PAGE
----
Two weeks after Super Tuesday, candidates and voters are gearing up for another busy Tuesday as five states will vote today. While Clinton and Trump are coming in as front runners based on the last 46 races, there are still a lot of states left to go.
After correctly calling 34 of 46 races (74%) to date, including some surprise outcomes like Sanders’s victory in Colorado, Kansas and Maine (D), and Cruz’s in Idaho (R), we’re ready to make our picks for today’s primaries.
Five states are voting today—Florida, Illinois, Missouri, North Carolina and Ohio—and all hold primaries for both parties. For the Democrats, our models show Hillary Clinton winning all states expect Missouri, where a Sanders victory is predicted.
On the GOP side, get ready for excitement, as two trailing candidates will compete in their respective home states; Marco Rubio in Florida and John Kasich in Ohio. So far, Rubio only won Minnesota, District of Columbia and Puerto Rico, and Kasich hasn’t won any races, so today might be their chance to rekindle their campaigns with an important psychological victory. The stakes are even higher as Florida and Ohio (as well as Illinois and Missouri) hold winner-take-all primaries. Bing predicts a toss-up in Ohio with Donald Trump emerging as the victor, but the race is so close (33.2% predicted share of votes for Trump vs. 32.9% for Kasich) that we won’t be surprised to see either of them win; Cruz is not too far behind with a predicted 27.7% share of the votes. In Florida, our models predict Rubio (27.1%) to concede his home state to Trump (43.7%), who is also predicted to win Illinois, Missouri and North Carolina.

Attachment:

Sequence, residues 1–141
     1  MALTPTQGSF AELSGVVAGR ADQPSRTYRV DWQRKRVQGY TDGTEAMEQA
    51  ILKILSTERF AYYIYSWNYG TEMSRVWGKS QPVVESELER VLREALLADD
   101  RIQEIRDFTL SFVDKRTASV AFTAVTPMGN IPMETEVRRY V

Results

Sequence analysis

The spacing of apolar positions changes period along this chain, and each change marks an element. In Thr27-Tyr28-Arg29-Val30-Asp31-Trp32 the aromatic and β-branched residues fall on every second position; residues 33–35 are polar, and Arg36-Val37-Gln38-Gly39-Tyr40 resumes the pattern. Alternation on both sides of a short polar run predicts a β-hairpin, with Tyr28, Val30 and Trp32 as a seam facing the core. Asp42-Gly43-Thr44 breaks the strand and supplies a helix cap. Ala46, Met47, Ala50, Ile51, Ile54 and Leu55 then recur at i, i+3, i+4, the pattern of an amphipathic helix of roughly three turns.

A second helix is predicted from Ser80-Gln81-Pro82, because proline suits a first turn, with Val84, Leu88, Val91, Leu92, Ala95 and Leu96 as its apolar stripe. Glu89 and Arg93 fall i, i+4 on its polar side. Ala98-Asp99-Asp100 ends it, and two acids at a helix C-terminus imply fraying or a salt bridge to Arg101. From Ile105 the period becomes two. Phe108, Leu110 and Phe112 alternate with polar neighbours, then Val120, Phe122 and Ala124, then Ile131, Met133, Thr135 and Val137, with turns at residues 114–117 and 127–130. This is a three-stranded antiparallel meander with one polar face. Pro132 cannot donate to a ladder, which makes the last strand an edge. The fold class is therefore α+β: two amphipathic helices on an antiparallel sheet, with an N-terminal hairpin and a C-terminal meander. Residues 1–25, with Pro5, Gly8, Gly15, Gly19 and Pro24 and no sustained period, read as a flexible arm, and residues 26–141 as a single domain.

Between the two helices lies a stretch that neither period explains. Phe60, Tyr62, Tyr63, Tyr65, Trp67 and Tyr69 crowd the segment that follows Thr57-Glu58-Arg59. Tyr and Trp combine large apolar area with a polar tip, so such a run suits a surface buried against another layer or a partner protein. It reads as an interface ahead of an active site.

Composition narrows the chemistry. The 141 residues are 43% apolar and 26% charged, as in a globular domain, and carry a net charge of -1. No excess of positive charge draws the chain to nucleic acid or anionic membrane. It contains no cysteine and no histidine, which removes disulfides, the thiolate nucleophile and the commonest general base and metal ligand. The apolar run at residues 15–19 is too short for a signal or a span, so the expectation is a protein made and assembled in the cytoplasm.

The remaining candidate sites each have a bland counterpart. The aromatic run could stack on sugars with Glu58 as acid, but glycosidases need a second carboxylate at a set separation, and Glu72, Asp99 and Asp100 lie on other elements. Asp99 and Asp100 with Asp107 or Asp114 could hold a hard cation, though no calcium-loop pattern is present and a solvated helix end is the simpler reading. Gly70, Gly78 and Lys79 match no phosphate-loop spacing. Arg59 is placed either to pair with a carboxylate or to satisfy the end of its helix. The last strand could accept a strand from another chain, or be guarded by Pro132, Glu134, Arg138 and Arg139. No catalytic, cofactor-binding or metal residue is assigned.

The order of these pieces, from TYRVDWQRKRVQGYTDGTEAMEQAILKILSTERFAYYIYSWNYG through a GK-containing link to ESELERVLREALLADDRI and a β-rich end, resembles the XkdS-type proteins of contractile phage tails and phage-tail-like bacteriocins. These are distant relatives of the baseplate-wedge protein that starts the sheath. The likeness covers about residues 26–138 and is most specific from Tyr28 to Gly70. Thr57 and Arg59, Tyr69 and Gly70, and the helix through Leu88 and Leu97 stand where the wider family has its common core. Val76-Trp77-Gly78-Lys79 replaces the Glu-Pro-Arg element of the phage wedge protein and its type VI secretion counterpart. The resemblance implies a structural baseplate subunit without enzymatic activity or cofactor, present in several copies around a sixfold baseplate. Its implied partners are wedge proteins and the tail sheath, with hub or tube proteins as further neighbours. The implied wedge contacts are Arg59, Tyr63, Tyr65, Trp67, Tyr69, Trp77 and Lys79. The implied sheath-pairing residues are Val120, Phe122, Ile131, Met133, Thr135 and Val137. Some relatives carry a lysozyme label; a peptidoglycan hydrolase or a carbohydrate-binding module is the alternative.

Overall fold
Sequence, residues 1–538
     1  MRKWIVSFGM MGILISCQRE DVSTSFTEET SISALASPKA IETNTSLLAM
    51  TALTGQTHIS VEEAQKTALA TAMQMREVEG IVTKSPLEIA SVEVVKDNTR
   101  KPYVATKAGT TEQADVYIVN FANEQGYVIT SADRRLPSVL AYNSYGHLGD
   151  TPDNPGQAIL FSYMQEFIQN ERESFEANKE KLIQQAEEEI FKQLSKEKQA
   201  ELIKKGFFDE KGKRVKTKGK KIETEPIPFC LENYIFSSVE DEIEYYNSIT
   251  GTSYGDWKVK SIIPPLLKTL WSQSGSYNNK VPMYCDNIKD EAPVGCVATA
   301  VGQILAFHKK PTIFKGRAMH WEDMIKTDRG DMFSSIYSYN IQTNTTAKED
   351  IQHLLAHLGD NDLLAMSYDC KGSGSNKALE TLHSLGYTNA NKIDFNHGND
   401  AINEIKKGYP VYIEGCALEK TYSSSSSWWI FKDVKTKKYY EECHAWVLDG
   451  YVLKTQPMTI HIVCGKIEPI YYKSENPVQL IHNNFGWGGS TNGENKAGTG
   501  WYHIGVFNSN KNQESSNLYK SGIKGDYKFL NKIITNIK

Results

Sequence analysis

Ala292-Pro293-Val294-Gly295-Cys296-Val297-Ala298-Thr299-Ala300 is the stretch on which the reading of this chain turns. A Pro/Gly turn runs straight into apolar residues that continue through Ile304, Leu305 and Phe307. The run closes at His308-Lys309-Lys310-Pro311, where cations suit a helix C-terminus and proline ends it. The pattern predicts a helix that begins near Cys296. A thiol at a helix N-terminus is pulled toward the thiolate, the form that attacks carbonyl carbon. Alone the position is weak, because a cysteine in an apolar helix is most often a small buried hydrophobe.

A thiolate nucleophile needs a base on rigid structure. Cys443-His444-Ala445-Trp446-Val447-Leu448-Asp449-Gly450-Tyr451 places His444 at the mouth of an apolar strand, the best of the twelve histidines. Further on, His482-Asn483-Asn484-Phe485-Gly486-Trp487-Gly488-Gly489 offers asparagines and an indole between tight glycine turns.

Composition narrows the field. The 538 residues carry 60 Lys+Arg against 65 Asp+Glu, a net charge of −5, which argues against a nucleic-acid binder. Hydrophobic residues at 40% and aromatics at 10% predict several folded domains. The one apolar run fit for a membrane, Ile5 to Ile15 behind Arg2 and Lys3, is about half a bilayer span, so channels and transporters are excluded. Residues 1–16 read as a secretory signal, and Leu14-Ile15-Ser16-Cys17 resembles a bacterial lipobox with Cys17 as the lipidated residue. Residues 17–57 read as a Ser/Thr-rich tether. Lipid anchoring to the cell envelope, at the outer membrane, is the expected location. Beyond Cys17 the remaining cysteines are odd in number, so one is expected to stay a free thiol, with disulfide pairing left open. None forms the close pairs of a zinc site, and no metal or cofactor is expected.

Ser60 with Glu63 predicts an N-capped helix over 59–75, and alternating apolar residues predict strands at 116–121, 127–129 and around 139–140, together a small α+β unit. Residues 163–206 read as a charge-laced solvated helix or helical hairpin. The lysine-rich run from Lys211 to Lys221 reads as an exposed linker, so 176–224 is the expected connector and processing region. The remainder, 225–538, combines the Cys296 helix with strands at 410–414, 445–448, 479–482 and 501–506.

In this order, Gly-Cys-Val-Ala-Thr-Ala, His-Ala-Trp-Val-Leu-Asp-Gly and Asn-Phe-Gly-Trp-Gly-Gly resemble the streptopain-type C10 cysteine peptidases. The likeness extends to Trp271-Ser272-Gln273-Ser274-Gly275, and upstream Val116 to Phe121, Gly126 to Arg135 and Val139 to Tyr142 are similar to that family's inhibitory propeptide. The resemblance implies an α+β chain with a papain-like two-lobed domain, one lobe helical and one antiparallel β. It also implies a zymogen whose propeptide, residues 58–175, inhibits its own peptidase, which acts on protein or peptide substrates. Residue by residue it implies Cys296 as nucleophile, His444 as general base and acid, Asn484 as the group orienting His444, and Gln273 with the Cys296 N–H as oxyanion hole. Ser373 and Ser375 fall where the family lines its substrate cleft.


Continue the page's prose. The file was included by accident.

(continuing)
Be sure to check Bing for the latest predictions and past results.
Our machine-learned predictive models use data from polls, prediction markets, anonymized and aggregated search-engine queries and social media posts to provide predictions on the winners of the Republican and Democratic nominations in each state. Note that we predict the candidate who wins the popular vote in a given state's primary (or caucus) rather than for whom the delegates would eventually vote at the party's national convention.
- The Bing Predicts Team